As retailers get ready for another busy holiday season, organizations are in relentless pursuit of strategies that boost competitiveness, productivity, and cost-effectiveness. One strategy that has gained a lot of momentum is the implementation of bring your own device (BYOD) policies, which allow employees to utilize their personal smartphones and tablets for work-related tasks including inventory check and processing transactions. While this approach might seem appealing at first glance, there are a host of challenges that retailers must navigate.
Loss in Productivity:
BYOD policies present a number of risks to employee productivity. A recent study found that the average worker spends 12% of their working hours on social media. With any BYOD policy, mixing business and personal use is inevitable. Allowing employees to use their personal devices makes it very difficult to manage their device usage while on the job and can make them more vulnerable to compromised websites or apps as well.
There is also a functionality tradeoff that occurs with personal devices since camera apps are used in place of scanners that are typically equipped on enterprise-grade devices. This causes non-essential apps to compete for processing power and can slow employees down due to lag.
Additionally, when an employee’s device breaks, there’s no efficient way to have it repaired. While company-owned devices can be shipped back to the manufacturer for repairs, this becomes complicated when dealing with employees’ personal property. This causes increased downtime when an employee needs to find alternative solutions to repair the devices they use for work.
Lack of Security:
Personal devices often lack the stringent data security controls of their company-owned counterparts. Helpnet Security reports that data leakage is the biggest concern among organizations, with 63% of respondents listing this as their top concern with BYOD policies. This deficiency exposes sensitive customer and business data to the lurking threats of potential breaches which are becoming increasingly common in the retail space. Even if the employee’s device is lost or stolen outside of work, this can lead to serious security implications for the organization.
Employees’ personal devices can also serve as easier entry points for malware and other threats to infiltrate the corporate network, jeopardizing the integrity of your retail operation. Last year, the average number of mobile malware instances grew 51%, and about a quarter of app samples were found to be malicious, according to a 2023 “Global Mobile Threat Report.” Personal devices often have a wide range of third-party apps installed, making it likely that some may have security vulnerabilities.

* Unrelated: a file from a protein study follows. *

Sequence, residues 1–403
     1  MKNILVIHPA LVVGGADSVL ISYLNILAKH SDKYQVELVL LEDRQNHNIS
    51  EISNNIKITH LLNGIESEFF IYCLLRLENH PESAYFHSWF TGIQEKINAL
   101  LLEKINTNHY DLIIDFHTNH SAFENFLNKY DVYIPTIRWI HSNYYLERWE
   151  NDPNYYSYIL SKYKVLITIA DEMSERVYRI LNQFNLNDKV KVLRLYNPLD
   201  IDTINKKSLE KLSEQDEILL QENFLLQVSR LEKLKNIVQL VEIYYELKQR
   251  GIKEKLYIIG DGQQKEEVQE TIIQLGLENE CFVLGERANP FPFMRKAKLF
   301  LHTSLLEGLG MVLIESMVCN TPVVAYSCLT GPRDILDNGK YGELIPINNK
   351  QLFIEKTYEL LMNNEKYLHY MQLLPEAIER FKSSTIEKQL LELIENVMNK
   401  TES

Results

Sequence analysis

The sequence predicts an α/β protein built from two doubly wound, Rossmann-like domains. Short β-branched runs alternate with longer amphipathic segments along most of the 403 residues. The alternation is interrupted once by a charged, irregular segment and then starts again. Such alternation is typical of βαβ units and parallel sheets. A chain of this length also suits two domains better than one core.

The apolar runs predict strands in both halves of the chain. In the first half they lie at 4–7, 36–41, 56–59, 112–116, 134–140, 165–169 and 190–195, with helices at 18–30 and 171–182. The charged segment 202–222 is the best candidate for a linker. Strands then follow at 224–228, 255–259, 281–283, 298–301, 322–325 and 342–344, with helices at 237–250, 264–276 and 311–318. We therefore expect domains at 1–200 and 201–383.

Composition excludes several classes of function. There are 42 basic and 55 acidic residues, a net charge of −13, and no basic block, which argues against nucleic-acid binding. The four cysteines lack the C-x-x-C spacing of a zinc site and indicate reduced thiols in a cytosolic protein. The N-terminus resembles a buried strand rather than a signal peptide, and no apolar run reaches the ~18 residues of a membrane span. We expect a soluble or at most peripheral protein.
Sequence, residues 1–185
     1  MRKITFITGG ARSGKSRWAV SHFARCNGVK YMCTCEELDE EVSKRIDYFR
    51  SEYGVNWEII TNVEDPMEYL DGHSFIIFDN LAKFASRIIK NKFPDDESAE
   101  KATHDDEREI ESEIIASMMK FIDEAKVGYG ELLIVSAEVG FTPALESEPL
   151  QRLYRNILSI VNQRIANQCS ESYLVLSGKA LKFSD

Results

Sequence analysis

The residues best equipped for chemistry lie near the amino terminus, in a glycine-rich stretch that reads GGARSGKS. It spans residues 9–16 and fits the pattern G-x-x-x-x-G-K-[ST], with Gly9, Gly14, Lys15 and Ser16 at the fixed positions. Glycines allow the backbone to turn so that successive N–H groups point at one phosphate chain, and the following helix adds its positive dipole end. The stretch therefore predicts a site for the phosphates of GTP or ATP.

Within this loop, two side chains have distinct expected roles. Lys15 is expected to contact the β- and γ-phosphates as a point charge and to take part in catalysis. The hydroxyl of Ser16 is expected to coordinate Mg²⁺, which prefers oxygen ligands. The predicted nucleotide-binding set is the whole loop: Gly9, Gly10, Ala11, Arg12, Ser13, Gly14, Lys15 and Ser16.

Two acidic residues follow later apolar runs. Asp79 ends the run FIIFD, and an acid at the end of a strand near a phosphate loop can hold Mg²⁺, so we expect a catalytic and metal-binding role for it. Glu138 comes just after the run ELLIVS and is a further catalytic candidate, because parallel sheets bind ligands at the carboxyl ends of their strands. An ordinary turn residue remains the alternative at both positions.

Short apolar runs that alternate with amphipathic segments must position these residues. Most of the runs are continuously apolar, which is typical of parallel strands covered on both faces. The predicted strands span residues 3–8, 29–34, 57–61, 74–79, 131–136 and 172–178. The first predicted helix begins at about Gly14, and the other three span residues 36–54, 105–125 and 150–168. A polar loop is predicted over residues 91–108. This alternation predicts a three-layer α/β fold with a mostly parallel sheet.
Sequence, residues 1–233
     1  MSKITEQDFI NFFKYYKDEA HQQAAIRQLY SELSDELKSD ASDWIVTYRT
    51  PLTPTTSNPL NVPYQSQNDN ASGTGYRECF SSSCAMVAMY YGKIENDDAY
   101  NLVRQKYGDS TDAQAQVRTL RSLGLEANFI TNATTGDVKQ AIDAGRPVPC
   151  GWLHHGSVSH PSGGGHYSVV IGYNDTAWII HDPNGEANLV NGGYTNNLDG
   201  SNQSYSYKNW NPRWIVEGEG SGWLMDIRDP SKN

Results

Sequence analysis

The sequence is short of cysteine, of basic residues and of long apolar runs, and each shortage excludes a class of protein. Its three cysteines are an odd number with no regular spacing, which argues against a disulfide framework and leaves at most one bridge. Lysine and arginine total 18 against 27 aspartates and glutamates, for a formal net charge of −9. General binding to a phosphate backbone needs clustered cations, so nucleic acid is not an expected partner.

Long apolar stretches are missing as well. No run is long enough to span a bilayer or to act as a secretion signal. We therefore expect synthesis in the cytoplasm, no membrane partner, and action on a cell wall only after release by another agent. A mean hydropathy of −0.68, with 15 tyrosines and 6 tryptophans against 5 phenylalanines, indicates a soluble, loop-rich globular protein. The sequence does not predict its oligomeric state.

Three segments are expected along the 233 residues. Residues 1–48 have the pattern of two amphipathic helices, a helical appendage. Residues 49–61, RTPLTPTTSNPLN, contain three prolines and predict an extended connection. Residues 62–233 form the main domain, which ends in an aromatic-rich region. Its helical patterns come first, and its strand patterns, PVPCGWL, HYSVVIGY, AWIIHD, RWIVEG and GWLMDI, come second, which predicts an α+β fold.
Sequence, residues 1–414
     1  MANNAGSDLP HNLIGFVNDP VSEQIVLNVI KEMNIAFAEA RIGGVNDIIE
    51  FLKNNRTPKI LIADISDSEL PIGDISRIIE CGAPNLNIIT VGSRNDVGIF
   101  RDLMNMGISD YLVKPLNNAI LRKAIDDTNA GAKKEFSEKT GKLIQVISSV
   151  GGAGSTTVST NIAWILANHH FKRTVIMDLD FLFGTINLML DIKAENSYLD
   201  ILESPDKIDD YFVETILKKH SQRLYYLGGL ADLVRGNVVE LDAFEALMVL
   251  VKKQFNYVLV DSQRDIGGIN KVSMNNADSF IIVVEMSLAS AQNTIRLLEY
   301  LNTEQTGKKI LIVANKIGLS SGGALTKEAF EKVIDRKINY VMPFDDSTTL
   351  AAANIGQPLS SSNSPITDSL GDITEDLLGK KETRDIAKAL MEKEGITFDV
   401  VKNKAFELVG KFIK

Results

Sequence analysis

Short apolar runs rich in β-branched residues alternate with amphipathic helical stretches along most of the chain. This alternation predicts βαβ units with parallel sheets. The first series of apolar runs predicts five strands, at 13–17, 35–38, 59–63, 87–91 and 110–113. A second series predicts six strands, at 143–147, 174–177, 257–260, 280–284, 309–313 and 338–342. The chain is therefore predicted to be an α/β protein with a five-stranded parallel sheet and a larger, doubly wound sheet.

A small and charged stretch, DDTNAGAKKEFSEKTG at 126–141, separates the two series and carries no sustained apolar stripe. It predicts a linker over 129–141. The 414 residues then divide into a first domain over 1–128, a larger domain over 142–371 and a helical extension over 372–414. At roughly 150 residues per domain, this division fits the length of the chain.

There are also a lot of considerations to be made about the types of devices organizations let their employees use. Research suggests that device use in BYOD environments is highly unregulated. In a survey conducted by Social Barrel, 28.4% of respondents reported that their IT departments actively ignore BYOD policies. Team members may have a variety of different operating systems and software versions, all of which might not be compatible with the organization’s network making it more difficult for IT teams to manage. BYOD may also still require investment in some company devices. What happens when an employee forgets to charge their phone before work? Or if they leave the device at home altogether? Businesses will still need to have backups in order to prevent significant operational disruptions in these situations.
Finally, implementing BYOD policies can introduce legal complexities related to data ownership and access rights. Determining who owns the data on personal devices can become an issue, particularly in situations where employees leave the company or when new hires join. These concerns can become especially pronounced in industries with strict regulations where data security and compliance are paramount. Ensuring that all devices meet these regulatory requirements is challenging, and the consequences of non-compliance can be severe. Clarity in data ownership, transfer protocols, and access rights is essential to prevent potential legal disputes, particularly when employees leave the company.
As an alternative to BYOD policies, retailers have been turning to various device management solutions to safeguard their company-owned assets. These solutions are helping to empower companies to enforce stricter security policies, prevent loss or theft, and ensure that devices are consistently accounted for while removing the burden on associates trying to find a device at the start of their shift.
ARC offers an intelligent device management system that effectively slashes downtime by ensuring devices are always ready to be picked up and used by team members. By streamlining the check-in and check-out processes, employees and managers ensured they were ready to handle situations out on the floor while reducing the risk of security blunders caused by employee-owned devices.
While BYOD policies have their perks, they should not come at the expense of the organization’s security and productivity. Achieving the delicate balance between convenience and security necessitates a careful approach, crystal-clear policies, and the adoption of the right technologies.
In today’s evolving retail landscape, maintaining a competitive edge requires innovation without compromising security. ARC equips you with the tools to successfully navigate this terrain, safeguarding your devices and data while maintaining peak performance and productivity.